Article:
Emerald Ash Borer
The Emerald Ash Borer, Agrilus planipennis, an insect species non-indigenous to the United States, is a destructive wood-boring insect native to eastern Russia, northern China, Japan and the Korean peninsula. It was first discovered in Michigan in June 2002, and has since spread to at least twelve other states as well as to two provinces in Canada. The initial detection of this pest in New York occurred on June 16, 2009 in the Town of Randolph, New York which is located in southwestern Cattaraugus County adjacent to Chautauqua County. Additional detections have been confirmed in 12 other counties. A Quarantine is now in place for the entirety of the following counties: Albany, Allegany, Broome, Cattaraugus, Cayuga, Chautauqua, Chemung, Chenango, Columbia, Cortland, Delaware, Dutchess, Erie, Genesee, Greene, Livingston, Monroe, Niagara, Ontario, Orange, Orleans, Otsego, Putnam, Rensselaer, Schenectady, Schoharie, Schuyler, Seneca, Steuben, Sullivan, Tioga, Tompkins, Ulster, Wayne, Wyoming, and Yates. Additionally, a quarantine is in place for the southern portion of the following counties: Fulton, Herkimer, Madison, Montgomery, Oneida and Onondaga.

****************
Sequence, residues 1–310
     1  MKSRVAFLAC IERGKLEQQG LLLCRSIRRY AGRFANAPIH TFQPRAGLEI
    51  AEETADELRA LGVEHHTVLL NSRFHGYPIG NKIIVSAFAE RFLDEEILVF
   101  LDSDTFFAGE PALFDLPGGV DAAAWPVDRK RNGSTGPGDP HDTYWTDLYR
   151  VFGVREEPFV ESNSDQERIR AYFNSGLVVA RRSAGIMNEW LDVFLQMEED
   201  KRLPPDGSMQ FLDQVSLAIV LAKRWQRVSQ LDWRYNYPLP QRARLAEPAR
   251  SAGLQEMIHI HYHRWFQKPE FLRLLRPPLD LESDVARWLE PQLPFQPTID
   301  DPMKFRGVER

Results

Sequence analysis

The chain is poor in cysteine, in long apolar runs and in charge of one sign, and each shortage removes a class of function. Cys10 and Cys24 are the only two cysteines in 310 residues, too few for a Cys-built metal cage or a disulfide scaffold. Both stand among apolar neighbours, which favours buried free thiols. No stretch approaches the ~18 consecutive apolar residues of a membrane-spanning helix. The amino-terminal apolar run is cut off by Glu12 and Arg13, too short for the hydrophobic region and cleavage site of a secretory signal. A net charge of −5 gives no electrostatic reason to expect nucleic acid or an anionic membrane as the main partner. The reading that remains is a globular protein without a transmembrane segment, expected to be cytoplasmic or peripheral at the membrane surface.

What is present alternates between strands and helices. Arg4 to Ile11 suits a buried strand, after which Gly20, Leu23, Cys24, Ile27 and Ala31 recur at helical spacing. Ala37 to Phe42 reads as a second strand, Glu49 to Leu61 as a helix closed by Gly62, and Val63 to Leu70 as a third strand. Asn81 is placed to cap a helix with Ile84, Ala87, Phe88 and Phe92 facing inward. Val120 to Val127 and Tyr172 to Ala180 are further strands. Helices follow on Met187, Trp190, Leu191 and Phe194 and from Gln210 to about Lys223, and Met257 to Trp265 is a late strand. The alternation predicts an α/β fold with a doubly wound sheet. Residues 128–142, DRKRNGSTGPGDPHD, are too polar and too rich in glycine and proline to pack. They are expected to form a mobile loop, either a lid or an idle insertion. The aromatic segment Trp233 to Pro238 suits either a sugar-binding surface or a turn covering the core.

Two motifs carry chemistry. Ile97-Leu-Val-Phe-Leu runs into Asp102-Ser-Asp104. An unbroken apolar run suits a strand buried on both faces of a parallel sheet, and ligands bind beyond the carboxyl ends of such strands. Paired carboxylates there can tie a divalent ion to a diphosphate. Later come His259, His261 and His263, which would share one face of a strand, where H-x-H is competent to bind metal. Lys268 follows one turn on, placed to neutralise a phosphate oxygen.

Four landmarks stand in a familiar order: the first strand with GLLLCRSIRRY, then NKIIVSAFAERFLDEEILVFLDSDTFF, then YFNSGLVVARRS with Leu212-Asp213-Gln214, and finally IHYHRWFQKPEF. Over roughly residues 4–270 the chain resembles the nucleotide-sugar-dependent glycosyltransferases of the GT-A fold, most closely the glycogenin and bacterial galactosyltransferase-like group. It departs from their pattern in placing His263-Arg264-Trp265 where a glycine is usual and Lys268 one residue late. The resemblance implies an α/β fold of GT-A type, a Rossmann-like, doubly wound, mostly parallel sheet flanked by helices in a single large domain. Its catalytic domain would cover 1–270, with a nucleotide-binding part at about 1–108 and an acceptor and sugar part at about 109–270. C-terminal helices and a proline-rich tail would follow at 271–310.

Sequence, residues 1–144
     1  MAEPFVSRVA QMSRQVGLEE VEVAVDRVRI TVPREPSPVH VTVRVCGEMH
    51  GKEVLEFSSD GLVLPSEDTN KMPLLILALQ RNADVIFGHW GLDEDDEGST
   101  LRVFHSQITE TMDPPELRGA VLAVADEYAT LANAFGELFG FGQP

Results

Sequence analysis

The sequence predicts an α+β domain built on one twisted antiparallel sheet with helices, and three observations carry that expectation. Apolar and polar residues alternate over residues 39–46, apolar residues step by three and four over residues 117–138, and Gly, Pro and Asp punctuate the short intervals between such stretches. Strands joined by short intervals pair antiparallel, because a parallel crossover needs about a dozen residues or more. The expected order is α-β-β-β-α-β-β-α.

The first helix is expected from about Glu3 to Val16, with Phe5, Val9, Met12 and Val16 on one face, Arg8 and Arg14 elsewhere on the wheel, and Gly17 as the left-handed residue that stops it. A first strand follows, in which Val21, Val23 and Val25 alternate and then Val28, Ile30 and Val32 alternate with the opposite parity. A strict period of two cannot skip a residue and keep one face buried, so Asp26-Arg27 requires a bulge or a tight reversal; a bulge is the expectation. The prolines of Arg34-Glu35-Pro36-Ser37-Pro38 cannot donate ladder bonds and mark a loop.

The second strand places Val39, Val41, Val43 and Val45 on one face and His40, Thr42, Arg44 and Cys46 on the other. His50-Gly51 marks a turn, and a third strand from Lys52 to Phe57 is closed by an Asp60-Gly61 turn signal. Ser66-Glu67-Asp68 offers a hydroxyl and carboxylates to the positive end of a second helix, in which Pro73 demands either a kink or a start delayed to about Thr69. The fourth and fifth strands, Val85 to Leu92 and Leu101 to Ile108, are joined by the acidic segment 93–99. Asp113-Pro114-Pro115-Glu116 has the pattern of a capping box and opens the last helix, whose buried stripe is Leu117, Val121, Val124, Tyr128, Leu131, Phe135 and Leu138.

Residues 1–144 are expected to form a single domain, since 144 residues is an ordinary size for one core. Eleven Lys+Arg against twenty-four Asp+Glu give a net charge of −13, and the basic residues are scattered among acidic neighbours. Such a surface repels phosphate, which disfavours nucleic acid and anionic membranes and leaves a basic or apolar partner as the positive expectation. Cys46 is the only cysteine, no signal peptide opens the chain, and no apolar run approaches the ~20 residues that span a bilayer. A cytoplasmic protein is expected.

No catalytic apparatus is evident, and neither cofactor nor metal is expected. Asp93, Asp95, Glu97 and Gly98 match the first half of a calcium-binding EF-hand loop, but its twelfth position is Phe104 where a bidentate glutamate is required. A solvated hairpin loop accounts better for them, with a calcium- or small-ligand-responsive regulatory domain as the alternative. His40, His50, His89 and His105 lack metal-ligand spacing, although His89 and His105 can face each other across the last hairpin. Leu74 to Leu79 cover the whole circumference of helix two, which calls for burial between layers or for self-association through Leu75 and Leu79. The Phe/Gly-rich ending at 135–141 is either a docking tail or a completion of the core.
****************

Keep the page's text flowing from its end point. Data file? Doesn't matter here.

Links to information regarding the quarantine area and regulated articles are listed below. Questions regarding compliance agreements and the regulations should be addressed to Senior Horticultural Inspectors in the respective regions. For compliance agreements or quarantine questions in Western NY, please contact Jared Spokowsky at 315-374-8346. For compliance agreements or quarantine questions in Eastern NY, please contact Ethan Angell at 518-275-9489.
We encourage the public to assist in detecting the presence of emerald ash borer. Additional information on identifying and reporting EAB can be found at http://www.nyis.info/index.php?action=eab.
EAB Best Management Practices
2012 Emerald Ash Borer Quarantine
EAB Quarantine Map
EAB Regulations - 1 NYCRR Part 141
EAB Mulch Sampling Protocol
EAB Compliance Agreement FAQs
EAB Stakeholder Meeting Comments
Bio-Control Fact Sheet
EAB on our Borders